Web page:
must be met: (1) the alleged infringement must have been
proximately caused by a person acting under color of state
law and (2) defendants' conduct must have deprived the
plaintiff of rights, privileges or immunities secured by the
Constitution or laws of the United States. Paratt v.
Taylor, 451 U.S. 527 (1981). A third element of
causation is implicit in the second element. See Mt.
Healthy City School Dist. Bd. Of Educ. v. Doyle, 429
U.S. 274, 286-87 (1977); Flores v. Pierce, 617 F.2d
1386, 1390-91 (9th Cir. 1980), cert denied, 449 U.S.
875 (1980). A plaintiff must allege facts showing how
individually named defendants caused, or personally
participated in causing, the harm alleged in the complaint.
See Arnold v. IBM, 637 F.2d 1350, 1355 (9th Cir.
1981). Defendants do not contest that they were acting under
the color of state law and thus, the Court addresses whether
defendants' conduct deprived plaintiff of any
Defendants as the State or Arms of the State
complaint, plaintiff names the State of Washington as well as
the “entity-municipality (SCCC) (CBCC), ” which
this Court interprets to refer to the Stafford Creek
Corrections Center (“SCCC”) and the Clallam Bay
Corrections Center (“CBCC”) respectively. 42
U.S.C. § 1983 applies to the actions of
“persons” acting under color of state law.
However, for the purposes of § 1983, a state is not a
“person.” See Arizonans for Official English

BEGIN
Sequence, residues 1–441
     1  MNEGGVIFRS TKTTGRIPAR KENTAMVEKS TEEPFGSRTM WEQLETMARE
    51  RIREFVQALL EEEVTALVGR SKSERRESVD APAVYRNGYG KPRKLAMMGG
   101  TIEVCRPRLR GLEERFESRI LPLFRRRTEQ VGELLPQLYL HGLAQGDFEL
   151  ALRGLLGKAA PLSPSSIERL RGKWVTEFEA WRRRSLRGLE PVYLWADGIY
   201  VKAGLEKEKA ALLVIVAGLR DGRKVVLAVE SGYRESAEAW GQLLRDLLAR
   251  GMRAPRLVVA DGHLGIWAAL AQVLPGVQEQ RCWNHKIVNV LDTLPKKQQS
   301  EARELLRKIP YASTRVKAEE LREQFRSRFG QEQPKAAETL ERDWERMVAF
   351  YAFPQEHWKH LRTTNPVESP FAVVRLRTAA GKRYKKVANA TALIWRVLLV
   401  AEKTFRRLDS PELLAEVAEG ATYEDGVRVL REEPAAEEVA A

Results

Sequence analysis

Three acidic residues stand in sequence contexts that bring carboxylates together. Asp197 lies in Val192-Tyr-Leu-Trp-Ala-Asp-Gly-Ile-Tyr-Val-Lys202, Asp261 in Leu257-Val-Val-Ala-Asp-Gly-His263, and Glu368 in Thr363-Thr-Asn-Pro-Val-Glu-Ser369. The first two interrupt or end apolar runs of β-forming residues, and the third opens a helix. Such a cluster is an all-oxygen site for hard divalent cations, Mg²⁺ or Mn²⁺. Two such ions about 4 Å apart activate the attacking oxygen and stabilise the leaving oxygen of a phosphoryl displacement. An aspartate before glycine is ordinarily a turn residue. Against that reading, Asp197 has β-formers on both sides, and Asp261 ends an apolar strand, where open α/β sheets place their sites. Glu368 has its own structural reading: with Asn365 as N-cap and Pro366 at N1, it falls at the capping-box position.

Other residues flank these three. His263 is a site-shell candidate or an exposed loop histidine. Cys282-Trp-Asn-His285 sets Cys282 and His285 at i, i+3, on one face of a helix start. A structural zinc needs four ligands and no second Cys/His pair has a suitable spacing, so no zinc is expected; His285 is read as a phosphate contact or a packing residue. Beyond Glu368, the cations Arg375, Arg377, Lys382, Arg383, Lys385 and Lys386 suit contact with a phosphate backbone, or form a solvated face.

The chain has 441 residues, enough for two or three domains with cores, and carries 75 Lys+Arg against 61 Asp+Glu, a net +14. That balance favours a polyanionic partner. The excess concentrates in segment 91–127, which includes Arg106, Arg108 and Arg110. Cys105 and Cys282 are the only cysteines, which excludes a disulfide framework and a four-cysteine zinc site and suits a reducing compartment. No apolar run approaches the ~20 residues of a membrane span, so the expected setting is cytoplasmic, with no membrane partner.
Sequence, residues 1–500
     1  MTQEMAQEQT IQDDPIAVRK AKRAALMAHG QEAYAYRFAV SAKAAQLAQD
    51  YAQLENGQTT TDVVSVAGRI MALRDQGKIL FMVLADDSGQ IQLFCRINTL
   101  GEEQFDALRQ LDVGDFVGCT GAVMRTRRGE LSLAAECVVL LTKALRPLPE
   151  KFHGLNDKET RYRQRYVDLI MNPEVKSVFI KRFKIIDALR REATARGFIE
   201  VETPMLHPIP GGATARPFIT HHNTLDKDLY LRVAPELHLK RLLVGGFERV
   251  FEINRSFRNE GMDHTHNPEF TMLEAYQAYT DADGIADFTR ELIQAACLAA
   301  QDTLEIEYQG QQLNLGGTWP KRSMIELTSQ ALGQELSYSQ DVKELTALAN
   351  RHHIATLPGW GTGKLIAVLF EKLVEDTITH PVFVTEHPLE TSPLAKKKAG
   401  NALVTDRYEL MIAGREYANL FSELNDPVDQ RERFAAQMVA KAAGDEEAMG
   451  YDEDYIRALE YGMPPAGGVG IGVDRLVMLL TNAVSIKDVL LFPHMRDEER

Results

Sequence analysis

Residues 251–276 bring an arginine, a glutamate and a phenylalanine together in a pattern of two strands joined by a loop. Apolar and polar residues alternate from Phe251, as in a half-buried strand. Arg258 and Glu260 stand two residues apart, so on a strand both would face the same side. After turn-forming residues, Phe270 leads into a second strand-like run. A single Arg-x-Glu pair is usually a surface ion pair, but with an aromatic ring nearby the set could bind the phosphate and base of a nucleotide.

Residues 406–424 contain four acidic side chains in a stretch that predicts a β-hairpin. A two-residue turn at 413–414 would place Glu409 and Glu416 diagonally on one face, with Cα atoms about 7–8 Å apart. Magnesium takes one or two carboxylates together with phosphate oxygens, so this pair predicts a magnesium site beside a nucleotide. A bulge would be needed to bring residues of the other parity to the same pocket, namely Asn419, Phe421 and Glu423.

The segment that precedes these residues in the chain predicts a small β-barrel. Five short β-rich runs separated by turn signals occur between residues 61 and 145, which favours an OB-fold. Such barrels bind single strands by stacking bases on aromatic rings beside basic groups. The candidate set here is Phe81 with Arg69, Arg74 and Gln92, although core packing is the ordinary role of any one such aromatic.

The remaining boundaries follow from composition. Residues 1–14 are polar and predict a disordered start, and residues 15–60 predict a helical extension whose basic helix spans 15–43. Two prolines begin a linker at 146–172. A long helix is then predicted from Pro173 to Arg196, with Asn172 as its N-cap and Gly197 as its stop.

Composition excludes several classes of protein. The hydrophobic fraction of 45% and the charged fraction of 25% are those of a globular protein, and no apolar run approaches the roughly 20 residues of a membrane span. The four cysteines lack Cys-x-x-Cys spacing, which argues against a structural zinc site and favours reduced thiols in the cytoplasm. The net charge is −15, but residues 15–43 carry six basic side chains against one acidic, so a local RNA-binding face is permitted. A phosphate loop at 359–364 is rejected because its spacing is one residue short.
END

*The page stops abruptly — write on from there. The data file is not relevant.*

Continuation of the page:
v. Arizona, 520 U.S. 43, 69 (1997); Will v. Mich.
Dep't of State Police, 491 U.S. 58, 71 (1989).
Similarly, an agency that is an arm of the state is also not
a “person” under § 1983. See Howlett v.
Rose, 496 U.S. 356, 365 (1990); also Alabama v.
Pugh, 438 U.S. 781, 782 (1978) (per curiam) (concluding
that the suit against the state Board of Corrections was
barred by the Eleventh Amendment).
defendants Washington, SCCC, and CBCC cannot be held liable
under § 1983. Because defendant Washington is a state,
it is not a “person” for § 1983 purposes.
Defendants SCCC and CBCC are both prisons run by the
Washington Department of Corrections -- a state agency.
Similar to states, state agencies cannot be sued under §
1983. Because of this, plaintiff has named these defendants
improperly. Therefore, the Court recommends the three above
noted defendants be dismissed from the action.